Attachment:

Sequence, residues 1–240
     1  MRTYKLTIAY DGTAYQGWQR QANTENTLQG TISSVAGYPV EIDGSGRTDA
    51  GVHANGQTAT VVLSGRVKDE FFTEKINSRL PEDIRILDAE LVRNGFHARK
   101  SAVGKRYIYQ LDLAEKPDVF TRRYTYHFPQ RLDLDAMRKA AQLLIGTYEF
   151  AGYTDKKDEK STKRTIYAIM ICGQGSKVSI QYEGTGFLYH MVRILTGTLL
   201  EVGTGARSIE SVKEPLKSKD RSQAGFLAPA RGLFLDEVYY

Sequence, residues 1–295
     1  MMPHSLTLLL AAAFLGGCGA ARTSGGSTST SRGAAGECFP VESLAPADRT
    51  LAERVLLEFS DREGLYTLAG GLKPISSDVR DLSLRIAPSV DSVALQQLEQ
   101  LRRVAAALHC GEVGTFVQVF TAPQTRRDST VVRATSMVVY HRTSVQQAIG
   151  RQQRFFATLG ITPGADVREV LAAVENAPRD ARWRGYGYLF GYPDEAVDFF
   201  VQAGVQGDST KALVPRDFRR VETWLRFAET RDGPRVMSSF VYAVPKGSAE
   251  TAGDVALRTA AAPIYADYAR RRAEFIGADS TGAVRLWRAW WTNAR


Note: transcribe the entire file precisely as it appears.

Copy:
Sequence, residues 1–240
     1  MRTYKLTIAY DGTAYQGWQR QANTENTLQG TISSVAGYPV EIDGSGRTDA
    51  GVHANGQTAT VVLSGRVKDE FFTEKINSRL PEDIRILDAE LVRNGFHARK
   101  SAVGKRYIYQ LDLAEKPDVF TRRYTYHFPQ RLDLDAMRKA AQLLIGTYEF
   151  AGYTDKKDEK STKRTIYAIM ICGQGSKVSI QYEGTGFLYH MVRILTGTLL
   201  EVGTGARSIE SVKEPLKSKD RSQAGFLAPA RGLFLDEVYY

Sequence, residues 1–295
     1  MMPHSLTLLL AAAFLGGCGA ARTSGGSTST SRGAAGECFP VESLAPADRT
    51  LAERVLLEFS DREGLYTLAG GLKPISSDVR DLSLRIAPSV DSVALQQLEQ
   101  LRRVAAALHC GEVGTFVQVF TAPQTRRDST VVRATSMVVY HRTSVQQAIG
   151  RQQRFFATLG ITPGADVREV LAAVENAPRD ARWRGYGYLF GYPDEAVDFF
   201  VQAGVQGDST KALVPRDFRR VETWLRFAET RDGPRVMSSF VYAVPKGSAE
   251  TAGDVALRTA AAPIYADYAR RRAEFIGADS TGAVRLWRAW WTNAR